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Duke Cheats and So Does Everyone Else

Thirty-four first-year business graduate students at Duke University cheated on a take-home final exam, a judicial board has found, in what officials called the most widespread cheating episode in the business school’s history.

The final was an open-book test in a required course in March, with students told to take the exam on their own. But many students collaborated, in violation of the school’s honor code, according to a ruling last week by the judicial board of the Fuqua School of Business at Duke.

Well I’m shocked now! Students cheated on a take home exam. And business school students at that. Truly, truly shocking. Almost as shocking as the earth revolving around the sun.

Honor code at a business school? Who are we kidding now. The greatest ambition of business school students is to become a CEO, get a few hundred million dollars in stock options and a huge parachute, build themselves an Al Lord style castle and golf course and milk it for all it’s worth. Compared to the ongoing fraud in the corporate world, teaming up on an exam is practically a virtue. After all it shows teamwork and cooperation– something corporate leadership could use more of.

In general, fewer than 10 students a year at the business school are found guilty of cheating, and some years no accusations are brought to the judicial board, said Michael Hemmerich, associate dean for marketing and communications at the business school.

And in those years they sacrifice a goat to the heathen gods of accounting and promise they’ll do better next year.

National surveys have suggested that cheating is widespread among graduate students. In a survey released last September by a Rutgers University professor, 56 percent of business graduate students admitted having cheated, compared with 54 percent in engineering, 48 percent in education and 45 percent in law school.

And the surprise is what exactly? Business today doesn’t even operate under the pretense of an ethical code anymore. Neither does society. Our last two Presidents openly lied in office and only became more popular for it. And these students are battling in a competitive field for their future. Stopping cheating is going to take a lot more than a lecture on ethics. It requires serious changes in social values.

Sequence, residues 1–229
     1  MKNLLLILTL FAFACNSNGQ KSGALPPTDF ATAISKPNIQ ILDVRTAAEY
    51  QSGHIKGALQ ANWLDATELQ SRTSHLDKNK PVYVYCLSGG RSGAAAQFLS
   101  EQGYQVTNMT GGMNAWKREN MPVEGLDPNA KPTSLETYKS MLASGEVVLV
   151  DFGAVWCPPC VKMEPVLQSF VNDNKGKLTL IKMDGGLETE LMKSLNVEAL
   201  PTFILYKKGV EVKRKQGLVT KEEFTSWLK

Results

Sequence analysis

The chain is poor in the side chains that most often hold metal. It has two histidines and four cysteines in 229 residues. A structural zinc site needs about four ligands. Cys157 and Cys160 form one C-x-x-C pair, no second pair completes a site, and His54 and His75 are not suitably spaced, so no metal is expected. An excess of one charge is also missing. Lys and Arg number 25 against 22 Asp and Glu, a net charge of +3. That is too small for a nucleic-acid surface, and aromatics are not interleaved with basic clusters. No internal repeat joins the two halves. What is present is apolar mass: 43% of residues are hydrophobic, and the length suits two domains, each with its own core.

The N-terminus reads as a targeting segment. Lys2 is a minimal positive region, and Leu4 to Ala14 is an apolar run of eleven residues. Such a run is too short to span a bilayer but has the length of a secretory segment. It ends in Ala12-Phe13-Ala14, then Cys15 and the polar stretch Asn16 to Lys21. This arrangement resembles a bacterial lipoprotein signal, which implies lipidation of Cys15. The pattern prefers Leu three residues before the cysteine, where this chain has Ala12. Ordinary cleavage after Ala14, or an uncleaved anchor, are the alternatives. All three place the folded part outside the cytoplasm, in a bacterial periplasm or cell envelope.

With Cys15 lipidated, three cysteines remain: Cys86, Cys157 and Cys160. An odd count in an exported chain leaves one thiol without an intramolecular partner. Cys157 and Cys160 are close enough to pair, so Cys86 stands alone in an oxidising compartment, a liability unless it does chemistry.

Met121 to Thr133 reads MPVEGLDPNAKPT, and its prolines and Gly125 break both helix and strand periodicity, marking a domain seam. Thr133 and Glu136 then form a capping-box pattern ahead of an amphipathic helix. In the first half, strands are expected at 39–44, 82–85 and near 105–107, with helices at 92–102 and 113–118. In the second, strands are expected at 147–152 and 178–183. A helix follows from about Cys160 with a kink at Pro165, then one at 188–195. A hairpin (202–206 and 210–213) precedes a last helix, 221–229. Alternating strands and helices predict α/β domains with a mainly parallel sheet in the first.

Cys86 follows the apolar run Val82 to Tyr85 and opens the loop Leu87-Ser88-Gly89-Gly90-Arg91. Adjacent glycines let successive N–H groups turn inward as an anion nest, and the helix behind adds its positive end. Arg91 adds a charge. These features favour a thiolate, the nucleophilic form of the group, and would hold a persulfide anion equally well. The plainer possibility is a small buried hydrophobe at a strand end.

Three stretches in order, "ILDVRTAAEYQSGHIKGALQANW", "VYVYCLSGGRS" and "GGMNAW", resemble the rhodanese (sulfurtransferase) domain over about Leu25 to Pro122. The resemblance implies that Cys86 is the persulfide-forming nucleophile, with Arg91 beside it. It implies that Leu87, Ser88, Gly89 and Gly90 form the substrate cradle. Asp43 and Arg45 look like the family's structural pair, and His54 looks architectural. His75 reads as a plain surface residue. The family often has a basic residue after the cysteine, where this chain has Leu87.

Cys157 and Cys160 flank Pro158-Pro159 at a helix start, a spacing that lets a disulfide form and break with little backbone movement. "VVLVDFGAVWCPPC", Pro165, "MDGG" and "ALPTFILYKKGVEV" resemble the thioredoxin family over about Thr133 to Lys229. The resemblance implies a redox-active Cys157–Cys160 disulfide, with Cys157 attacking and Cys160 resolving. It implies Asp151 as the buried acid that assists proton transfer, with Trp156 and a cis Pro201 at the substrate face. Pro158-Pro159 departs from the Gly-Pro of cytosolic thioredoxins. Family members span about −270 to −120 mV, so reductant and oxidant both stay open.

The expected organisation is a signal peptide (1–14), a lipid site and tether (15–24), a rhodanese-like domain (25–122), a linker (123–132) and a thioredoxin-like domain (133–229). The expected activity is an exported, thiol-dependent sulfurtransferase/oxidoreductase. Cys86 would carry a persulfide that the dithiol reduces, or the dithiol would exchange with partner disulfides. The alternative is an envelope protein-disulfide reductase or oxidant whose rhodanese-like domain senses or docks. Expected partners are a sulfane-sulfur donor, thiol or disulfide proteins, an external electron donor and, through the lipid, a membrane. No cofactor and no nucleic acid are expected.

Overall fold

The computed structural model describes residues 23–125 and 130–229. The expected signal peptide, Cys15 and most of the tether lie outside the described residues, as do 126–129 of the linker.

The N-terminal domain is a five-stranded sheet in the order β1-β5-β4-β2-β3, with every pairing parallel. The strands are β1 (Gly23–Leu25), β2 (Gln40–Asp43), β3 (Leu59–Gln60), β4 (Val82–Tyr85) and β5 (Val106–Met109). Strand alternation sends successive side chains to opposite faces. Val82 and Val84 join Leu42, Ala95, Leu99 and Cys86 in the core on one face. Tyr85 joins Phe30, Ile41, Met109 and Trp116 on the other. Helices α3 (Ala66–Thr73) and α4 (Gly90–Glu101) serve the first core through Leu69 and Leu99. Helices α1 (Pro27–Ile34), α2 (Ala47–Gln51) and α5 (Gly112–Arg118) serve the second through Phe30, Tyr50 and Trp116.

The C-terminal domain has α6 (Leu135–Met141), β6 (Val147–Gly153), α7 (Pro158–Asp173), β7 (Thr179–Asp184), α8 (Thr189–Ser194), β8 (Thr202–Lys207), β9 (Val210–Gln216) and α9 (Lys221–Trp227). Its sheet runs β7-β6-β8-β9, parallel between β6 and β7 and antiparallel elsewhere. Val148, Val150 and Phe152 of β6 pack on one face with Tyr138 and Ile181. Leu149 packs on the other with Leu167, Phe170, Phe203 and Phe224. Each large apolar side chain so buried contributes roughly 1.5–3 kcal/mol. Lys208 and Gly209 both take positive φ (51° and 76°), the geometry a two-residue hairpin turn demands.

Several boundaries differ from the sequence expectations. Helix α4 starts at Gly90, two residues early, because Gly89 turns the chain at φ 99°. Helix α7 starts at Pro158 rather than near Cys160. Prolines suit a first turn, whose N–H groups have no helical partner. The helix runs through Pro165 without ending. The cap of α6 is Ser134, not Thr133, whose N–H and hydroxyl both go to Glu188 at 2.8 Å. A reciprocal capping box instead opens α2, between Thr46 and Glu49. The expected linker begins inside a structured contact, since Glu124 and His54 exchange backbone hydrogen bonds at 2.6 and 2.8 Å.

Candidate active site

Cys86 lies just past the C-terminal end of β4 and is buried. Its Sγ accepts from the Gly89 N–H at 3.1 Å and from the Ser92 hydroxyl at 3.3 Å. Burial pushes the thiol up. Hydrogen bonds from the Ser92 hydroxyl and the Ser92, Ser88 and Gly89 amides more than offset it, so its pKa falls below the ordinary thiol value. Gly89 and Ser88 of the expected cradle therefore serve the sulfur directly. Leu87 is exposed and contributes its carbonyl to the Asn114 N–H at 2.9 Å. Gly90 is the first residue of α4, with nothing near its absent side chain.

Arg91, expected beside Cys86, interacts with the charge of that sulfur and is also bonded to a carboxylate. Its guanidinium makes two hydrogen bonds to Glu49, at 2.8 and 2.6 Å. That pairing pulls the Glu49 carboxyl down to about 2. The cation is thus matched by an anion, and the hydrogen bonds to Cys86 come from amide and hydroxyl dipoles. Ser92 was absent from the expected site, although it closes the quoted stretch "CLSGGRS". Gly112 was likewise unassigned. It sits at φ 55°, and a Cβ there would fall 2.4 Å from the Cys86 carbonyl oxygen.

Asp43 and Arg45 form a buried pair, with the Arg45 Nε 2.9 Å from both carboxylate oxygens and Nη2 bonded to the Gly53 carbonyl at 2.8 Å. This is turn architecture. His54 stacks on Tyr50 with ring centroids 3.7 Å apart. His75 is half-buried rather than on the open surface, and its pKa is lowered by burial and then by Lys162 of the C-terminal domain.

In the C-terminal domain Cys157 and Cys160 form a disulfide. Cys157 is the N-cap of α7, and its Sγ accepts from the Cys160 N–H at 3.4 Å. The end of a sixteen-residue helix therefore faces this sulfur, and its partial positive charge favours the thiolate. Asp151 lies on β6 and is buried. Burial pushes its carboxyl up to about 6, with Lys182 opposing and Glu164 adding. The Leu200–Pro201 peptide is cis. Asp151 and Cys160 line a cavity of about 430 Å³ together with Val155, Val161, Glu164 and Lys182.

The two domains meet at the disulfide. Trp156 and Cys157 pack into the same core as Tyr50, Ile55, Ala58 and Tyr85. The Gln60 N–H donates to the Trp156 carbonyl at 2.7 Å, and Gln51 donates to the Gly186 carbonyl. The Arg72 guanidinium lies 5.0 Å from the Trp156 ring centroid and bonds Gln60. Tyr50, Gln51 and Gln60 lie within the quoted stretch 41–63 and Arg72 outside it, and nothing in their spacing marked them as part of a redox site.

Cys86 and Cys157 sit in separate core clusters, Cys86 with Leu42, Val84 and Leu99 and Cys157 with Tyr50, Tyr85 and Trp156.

“I would say at many business schools it is a part of the culture,” Dr. McCabe said. “You want to talk rationalizations? I could give you thousands of them: everybody else does it, it’s the teachers’ fault, you have to do it to get ahead.”

The latter one certainly does. Business school, most real schools, are premised on a Darwinian competition that determines if you’ll have a rich successful life or not. These schools themselves represent investments of student loans ranging anywhere from the tens of thousands to over a hundred thousand dollars from lenders tied up with the schools themselves, exchanging kickbacks to loan officers. If these students find themselves unable to get a good job after they graduate, they will be carrying a loan burden with no celling that they can’t escape even with bankruptcy or permanent disability.

You want a motivation to get ahead by any means? There it is. Get ahead or you’ll be paying the vast majority of your paycheck to Sallie Mae for the rest of your life.

Many of the country’s leading business schools, including Duke’s, have been emphasizing honesty and ethical conduct, introducing new courses in business ethics and creating tough honor codes.

Which of course aren’t going to do squat. It’s not a lack of student knowledge, it’s a lack of student ethics. You can’t teach ethics, you can only live it. At a time when political and business leaders don’t live it… why should students? Unless those courses can come up with a comprehensive answer for why students aiming for leadership should ignore how our leaders actually act– they’re a waste of time meant to whitewash the universities themselves.

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